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By Eric Stirgus September 23, 2013

Does education budget claim add up?

There have been some interesting moves in the political chess match between Gov. Nathan Deal and Georgia Schools Superintendent John Barge.

Barge made the first by surprising the political establishment with his interest, and eventual announcement, that he would challenge the fellow Republican for his job in 2014.

Deal made the next move. The governor’s camp attempted to take away the main issue his new opponent will campaign on in advance of the Republican Party primary -- education.

"Governor Deal has increased education spending every year he’s been in office," said his spokesman, Brian Robinson.


PolitiFact Georgia decided to do some homework on this claim, considering the likelihood that the Deal campaign may present this point again.

Georgia’s budget runs on a 12-month fiscal year cycle. The current fiscal year began July 1 and ends June 30, 2014. Deal took office in January 2011.

Education typically accounts for the biggest spending item in the state budget. This fiscal year, the Georgia Legislature agreed to spend about $7.4 billion on k-12 education. The entire state budget was nearly $20 billion. Georgia gets additional money from the federal government and other sources. That figure has declined from about $2.8 billion in fiscal year 2011 to about $1.7 billion in each year since.

Robinson said he was referring to the total amount of money budgeted for the state’s Education Department at the end of the fiscal year. In most years, those numbers are adjusted as state revenue increases or declines and departments make additional budget requests.

FY 2011: $7,067,414,444

FY 2012: $7,075,837,688

FY 2013 $7,326,807,956

The budget adopted for Fiscal Year 2014 was $7,409,293,094.

The numbers matched fiscal year funding data from the Education Department. In each fiscal year, as Robinson said, the final budget numbers for the state Education Department increased.

But is that the whole story?

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Georgia’s public school enrollment has increased by about 28,000 students, to nearly 1.7 million pupils, in the three budget cycles since Deal took office. Some people we contacted noted the enrollment increase as we conducted our research. The education budget has risen by a slightly larger percentage than student enrollment, we found.

Others say there’s some context that Robinson’s numbers miss.

The Georgia School Boards Association says Deal is not devoting enough money toward education if you factor in inflation. The Washington-based Center on Budget and Policy Priorities released a report earlier this month that concluded Georgia’s per-student spending will decline by about 1 percent this year once you factor in inflation. The center, a left-leaning organization, found Georgia has spent nearly 15 percent less on students since fiscal year 2008. Only seven states spent a lower percentage on students, according to the report.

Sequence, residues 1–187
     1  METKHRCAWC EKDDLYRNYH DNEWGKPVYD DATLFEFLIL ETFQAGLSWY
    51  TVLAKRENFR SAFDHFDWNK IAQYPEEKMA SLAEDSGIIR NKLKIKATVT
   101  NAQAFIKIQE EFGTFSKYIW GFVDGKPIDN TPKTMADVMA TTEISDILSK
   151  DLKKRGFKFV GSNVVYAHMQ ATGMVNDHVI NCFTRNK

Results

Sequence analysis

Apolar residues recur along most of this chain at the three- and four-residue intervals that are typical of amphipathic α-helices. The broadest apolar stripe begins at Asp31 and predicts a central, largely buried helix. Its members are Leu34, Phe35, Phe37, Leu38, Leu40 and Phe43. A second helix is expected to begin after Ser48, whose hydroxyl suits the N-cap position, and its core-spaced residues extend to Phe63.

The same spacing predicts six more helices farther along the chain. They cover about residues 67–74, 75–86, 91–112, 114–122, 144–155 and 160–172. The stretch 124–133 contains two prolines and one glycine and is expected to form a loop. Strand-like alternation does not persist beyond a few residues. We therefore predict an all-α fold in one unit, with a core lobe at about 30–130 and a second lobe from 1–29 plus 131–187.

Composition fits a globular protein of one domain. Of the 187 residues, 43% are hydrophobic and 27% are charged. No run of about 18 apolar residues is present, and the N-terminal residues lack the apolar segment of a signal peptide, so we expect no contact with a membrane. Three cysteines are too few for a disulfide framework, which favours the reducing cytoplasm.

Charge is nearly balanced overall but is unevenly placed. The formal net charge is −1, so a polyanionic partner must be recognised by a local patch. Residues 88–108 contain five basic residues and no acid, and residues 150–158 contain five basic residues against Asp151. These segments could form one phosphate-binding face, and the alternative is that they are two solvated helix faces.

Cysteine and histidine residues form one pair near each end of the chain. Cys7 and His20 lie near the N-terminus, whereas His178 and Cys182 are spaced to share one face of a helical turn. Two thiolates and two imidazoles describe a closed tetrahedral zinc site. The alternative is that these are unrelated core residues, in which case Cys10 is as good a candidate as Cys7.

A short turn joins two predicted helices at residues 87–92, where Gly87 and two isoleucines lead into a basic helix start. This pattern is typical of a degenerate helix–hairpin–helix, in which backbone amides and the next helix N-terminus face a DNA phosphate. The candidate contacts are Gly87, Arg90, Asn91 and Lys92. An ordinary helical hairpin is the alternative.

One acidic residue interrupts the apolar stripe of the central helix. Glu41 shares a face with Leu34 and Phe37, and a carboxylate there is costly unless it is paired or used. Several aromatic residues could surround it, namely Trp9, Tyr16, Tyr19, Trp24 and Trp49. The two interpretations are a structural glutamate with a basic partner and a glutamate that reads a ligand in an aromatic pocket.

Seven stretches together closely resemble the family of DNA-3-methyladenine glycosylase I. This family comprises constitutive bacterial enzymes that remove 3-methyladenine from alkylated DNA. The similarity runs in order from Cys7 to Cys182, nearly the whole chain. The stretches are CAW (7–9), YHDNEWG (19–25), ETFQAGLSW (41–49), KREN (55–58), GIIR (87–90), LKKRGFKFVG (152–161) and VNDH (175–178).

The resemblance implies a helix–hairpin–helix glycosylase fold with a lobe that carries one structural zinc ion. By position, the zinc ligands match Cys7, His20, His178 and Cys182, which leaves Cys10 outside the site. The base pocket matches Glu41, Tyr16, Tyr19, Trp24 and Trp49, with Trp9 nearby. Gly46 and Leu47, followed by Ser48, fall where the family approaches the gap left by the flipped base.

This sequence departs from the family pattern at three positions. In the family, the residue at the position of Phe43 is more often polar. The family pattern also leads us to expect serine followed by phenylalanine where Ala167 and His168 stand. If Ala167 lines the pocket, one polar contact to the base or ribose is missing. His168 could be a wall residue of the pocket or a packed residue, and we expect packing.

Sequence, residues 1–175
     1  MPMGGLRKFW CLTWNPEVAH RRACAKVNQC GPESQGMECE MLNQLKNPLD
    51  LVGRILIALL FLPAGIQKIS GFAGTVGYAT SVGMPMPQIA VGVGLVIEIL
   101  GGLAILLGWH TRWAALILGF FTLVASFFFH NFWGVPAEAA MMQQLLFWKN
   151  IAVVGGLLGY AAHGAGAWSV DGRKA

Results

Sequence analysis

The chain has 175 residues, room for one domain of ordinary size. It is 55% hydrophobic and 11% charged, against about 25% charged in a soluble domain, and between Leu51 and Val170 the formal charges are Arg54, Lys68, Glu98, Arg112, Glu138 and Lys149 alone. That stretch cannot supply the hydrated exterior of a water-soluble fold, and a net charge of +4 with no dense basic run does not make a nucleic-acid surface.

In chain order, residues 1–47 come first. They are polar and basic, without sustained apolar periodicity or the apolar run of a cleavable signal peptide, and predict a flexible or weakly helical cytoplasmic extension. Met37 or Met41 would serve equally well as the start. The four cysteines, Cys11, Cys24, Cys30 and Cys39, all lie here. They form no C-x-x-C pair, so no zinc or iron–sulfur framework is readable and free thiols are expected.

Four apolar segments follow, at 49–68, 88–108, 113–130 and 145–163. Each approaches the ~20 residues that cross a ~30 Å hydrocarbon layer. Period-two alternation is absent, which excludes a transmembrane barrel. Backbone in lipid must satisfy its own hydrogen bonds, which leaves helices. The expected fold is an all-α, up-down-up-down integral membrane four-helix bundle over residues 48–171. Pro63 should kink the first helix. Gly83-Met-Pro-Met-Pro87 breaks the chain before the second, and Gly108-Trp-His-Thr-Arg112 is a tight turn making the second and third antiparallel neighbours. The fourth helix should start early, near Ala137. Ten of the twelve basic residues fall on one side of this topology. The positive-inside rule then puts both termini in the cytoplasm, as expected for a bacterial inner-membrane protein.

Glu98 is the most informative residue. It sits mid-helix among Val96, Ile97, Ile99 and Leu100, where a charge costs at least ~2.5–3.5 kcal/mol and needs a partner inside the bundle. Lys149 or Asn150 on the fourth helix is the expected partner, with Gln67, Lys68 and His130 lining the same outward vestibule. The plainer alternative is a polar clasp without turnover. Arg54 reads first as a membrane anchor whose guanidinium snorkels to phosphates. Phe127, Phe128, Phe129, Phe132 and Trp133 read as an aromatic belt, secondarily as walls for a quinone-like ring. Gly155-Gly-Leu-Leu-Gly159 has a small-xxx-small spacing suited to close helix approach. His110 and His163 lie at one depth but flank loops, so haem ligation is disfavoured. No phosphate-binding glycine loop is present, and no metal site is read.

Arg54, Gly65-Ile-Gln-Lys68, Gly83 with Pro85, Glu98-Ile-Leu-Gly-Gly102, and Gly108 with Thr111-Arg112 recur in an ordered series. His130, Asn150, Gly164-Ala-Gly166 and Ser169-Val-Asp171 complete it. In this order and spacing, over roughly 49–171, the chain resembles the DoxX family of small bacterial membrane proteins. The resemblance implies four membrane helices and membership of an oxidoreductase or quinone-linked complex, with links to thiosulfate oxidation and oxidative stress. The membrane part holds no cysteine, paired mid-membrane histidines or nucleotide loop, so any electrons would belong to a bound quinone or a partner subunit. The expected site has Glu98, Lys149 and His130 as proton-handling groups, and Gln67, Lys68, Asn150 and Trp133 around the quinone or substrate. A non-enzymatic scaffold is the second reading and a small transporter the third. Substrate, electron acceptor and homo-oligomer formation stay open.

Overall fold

The left-leaning Georgia Budget Policy Institute, which has pushed state leaders to spend more on education, has looked at the education budget under Deal. It found the education budget has increased by 1.5 percent since Deal took office, as adjusted for inflation.

The U.S. inflation rate has risen by 3 percent to 4 percent since 2011, according to data we reviewed. There’s been a 4 percent increase in the final state education budgets since Deal took office.  

The institute released a report earlier this year that concluded the education budget is $1 billion less than what schools should get under Georgia’s complicated Quality Basic Education formula. Claire Suggs, the institute’s senior education policy analyst, said the education budget has been underfunded for several years.

Here’s a recent breakdown of the QBE funding gap, also known as "austerity cuts." The numbers came from the Georgia Department of Education.

FY 2011:    $1,089,521,696

FY 2012:    $1,147,859,436

FY 2013:    $1,143,762,797

FY 2014:    $1,061,127,407

Since the 2003 fiscal year, state leaders have subtracted hundreds of millions of dollars from the funding formula every year. Initially, they said the austerity cuts were necessary because of a budget deficit, but the yearly cuts continued even after state revenue improved, The Atlanta Journal Constitution has reported.

"It’s not been addressed," Suggs said of the issue.

State Sen. Fran Millar, a Dunwoody Republican who served as chairman of the Senate's Education and Youth Committee, said he believed Robinson is correct, citing recent year-end budget numbers for the department. Millar also said austerity cuts for the Education Department have been less than other departments.

"I think what they’re saying is true," Millar said of Robinson’s claim.

To sum up, Deal’s spokesman said education spending has increased every year since his administration took office in January 2011.

Robinson’s numbers are correct. But there’s some context missing here. There have been continued "austerity cuts." And some would say there’s little or no increase once you factor in inflation.

We rate Robinson’s statement Mostly True.

Our Sources

Marietta Daily Journal, "Barge lays out plan for 2014," Sept. 5, 2013.

Center on Budget and Policy Priorities, "Most States Funding Schools Less Than Before the Recession," Sept. 12, 2013.

Email from Brian Robinson, spokesman, Gov. Nathan Deal,  Sept. 12, 2013

Emails from Georgia School Boards Association, Sept. 13, 2013

Email from Georgia Department of Education, Sept. 15, 2013

Telephone interview with Claire Suggs, senior education policy analyst, Georgia Budget Policy Institute, Sept. 12, 2013

Telephone interview with state Sen. Fran Millar, Sept. 16, 2013.

The Atlanta Journal Constitution, "School funding fix left behind," Jan. 7, 2008

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